5. Push the Eject Button
Not only does James Bond always drive fancy cars, they’re almost always equipped with an ejection button. In the event he’s in a pinch or needs to retreat and regroup, that little red button is always there. You have the same capability to push that button in the event you find yourself needing to retreat from the clutches of temptation. If you can manage, bring a sidekick—a sort of recovery wingman—to boost your confidence and help you recognize situations you need to graciously walk away from. Another idea is to create a list of emergency contacts—your personal recovery team. When flying solo and faced with a seemingly impossible situation, simply speed dial the first person on your list and keep calling until you reach some backup. They will help you navigate the situation and you can feel good about your ability to call in help when you need. Whether you push the ejection button or call in air support, it’s a victory.
I want to wish a very Happy Holidays from my family to you and yours. Be safe, be mindful and take care of yourself. Serve others, stay close to your people and draw clear boundaries and, when necessary, push that ejection button and regroup for another successful day of recovery.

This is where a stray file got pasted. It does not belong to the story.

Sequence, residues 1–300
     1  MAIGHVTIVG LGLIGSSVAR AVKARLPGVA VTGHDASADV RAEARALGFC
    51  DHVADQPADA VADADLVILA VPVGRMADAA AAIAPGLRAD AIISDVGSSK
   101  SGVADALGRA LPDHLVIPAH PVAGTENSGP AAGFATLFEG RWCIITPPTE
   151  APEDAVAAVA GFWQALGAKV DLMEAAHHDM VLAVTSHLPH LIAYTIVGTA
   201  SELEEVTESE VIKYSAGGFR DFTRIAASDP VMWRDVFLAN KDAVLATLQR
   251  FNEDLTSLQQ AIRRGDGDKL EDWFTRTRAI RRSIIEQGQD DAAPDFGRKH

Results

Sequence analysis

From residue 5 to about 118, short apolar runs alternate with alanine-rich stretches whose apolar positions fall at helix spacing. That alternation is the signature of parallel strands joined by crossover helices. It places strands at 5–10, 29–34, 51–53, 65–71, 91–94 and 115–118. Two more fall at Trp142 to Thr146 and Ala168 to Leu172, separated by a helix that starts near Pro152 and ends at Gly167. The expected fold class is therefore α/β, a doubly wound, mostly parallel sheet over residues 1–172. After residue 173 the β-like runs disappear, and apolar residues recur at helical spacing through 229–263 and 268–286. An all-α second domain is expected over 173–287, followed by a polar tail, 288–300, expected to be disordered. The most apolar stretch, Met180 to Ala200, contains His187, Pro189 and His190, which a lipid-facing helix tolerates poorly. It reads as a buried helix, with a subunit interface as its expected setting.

Dr. Kimball is the George C. Miller Family Regents Professor at Texas Tech University and the Director of the Center for Collegiate Recovery Communities. He also serves as a consultant with MAP and is MAPs Co-Clinic Director. Dr. Kimball has received numerous teaching awards for his courses on families, addiction, and recovery. He is the author of several peer-reviewed articles on addiction and recovery and has consulted and presented on recovery related issues across the nation. He is the co-author of the book, Six Essentials to Achieve Lasting Recovery.